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    ABSTRACT: Healthy autosomal dominant polycystic kidney disease (ADPKD) patients with normal kidney function demonstrate reduced endothelial-dependent vasodilation that improves with increasing local dopamine levels. Dopamine regulates renal sodium excretion, and dopamine receptors are located on primary cilia in both vascular and renal tubular epithelial cells. The study by Lorthioir and colleagues links endothelial function and dopamine availability in ADPKD patients.
    Kidney International 02/2015; 87(2):279-280. DOI:10.1038/ki.2014.391 · 8.52 Impact Factor
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    ABSTRACT: Cytochrome P450 2D6 (CYP2D6) gene duplication and multiplication can result in ultrarapid drug metabolism and therapeutic failure or excessive response in patients. Long range polymerase chain reaction (PCR), restriction fragment length polymorphism (RFLP) and sequencing are usually used for genotyping CYP2D6 duplication/multiplications and identification, but are labor intensive, time consuming, and costly. We developed a simple allele quantification-based Pyrosequencing genotyping method that facilitates CYP2D6 copy number variation (CNV) genotyping while also identifying allele-specific CYP2D6 CNV in heterozygous samples. Most routine assays do not identify the allele containing a CNV. A total of 237 clinical and Coriell DNA samples with different known CYP2D6 gene copy numbers were genotyped for CYP2D6 *2, *3, *4, *6, *10, *17, *41 polymorphisms and CNV determination. The CYP2D6 gene allele quantification/identification were determined simultaneously with CYP2D6*2, *3, *4, *6, *10, *17, *41 genotyping. We determined the exact CYP2D6 gene copy number, identified which allele had the duplication or multiplication, and assigned the correct phenotype and activity score for all samples. Our method can efficiently identify the duplicated CYP2D6 allele in heterozygous samples, determine its copy number in a fraction of time compared to conventional methods and prevent incorrect ultrarapid phenotype calls. It also greatly reduces the cost, effort and time associated with CYP2D6 CNV genotyping.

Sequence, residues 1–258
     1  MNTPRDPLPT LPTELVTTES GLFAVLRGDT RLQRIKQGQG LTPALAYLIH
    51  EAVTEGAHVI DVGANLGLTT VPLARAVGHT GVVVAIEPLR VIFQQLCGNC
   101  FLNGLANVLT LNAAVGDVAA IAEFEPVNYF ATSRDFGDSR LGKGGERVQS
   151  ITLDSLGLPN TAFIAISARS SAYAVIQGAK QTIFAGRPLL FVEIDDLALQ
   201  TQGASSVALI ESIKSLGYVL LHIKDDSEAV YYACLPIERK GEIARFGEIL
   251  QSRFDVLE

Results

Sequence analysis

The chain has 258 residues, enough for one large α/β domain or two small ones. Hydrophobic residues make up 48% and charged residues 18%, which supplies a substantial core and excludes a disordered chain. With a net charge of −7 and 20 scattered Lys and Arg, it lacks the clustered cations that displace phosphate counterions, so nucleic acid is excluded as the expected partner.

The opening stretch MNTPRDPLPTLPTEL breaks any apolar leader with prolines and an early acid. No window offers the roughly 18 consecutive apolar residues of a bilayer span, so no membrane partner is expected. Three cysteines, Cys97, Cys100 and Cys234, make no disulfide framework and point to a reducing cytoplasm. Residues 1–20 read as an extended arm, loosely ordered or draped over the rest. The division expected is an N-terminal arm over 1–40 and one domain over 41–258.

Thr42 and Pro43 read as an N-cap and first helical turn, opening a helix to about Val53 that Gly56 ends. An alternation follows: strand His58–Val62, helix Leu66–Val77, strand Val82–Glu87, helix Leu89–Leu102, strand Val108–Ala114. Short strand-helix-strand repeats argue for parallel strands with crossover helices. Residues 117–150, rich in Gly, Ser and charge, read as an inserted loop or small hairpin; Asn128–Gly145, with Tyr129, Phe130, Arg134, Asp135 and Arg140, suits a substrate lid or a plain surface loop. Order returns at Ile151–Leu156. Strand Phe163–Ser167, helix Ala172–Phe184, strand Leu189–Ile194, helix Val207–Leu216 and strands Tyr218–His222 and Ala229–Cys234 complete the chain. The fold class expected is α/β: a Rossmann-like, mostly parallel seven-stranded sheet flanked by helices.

PLoS ONE 01/2015; 10(1):e0113808. DOI:10.1371/journal.pone.0113808 · 3.53 Impact Factor
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    ABSTRACT: Background Hypertension is common in autosomal dominant polycystic kidney disease (ADPKD) and is associated with increased total kidney volume, activation of the renin-angiotensin-aldosterone system, and progression of kidney disease. Methods In this double-blind, placebo-controlled trial, we randomly assigned 558 hypertensive participants with ADPKD (15 to 49 years of age, with an estimated glomerular filtration rate [GFR] >60 ml per minute per 1.73 m(2) of body-surface area) to either a standard blood-pressure target (120/70 to 130/80 mm Hg) or a low blood-pressure target (95/60 to 110/75 mm Hg) and to either an angiotensin-converting-enzyme inhibitor (lisinopril) plus an angiotensin-receptor blocker (telmisartan) or lisinopril plus placebo. The primary outcome was the annual percentage change in the total kidney volume. Results The annual percentage increase in total kidney volume was significantly lower in the low-blood-pressure group than in the standard-blood-pressure group (5.6% vs. 6.6%, P=0.006), without significant differences between the lisinopril-telmisartan group and the lisinopril-placebo group. The rate of change in estimated GFR was similar in the two medication groups, with a negative slope difference in the short term in the low-blood-pressure group as compared with the standard-blood-pressure group (P<0.001) and a marginally positive slope difference in the long term (P=0.05). The left-ventricular-mass index decreased more in the low-blood-pressure group than in the standard-blood-pressure group (-1.17 vs. -0.57 g per square meter per year, P<0.001); urinary albumin excretion was reduced by 3.77% with the low-pressure target and increased by 2.43% with the standard target (P<0.001). Dizziness and light-headedness were more common in the low-blood-pressure group than in the standard-blood-pressure group (80.7% vs. 69.4%, P=0.002). Conclusions In early ADPKD, the combination of lisinopril and telmisartan did not significantly alter the rate of increase in total kidney volume. As compared with standard blood-pressure control, rigorous blood-pressure control was associated with a slower increase in total kidney volume, no overall change in the estimated GFR, a greater decline in the left-ventricular-mass index, and greater reduction in urinary albumin excretion. (Funded by the National Institute of Diabetes and Digestive and Kidney Diseases and others; HALT-PKD [Study A] ClinicalTrials.gov number, NCT00283686 .).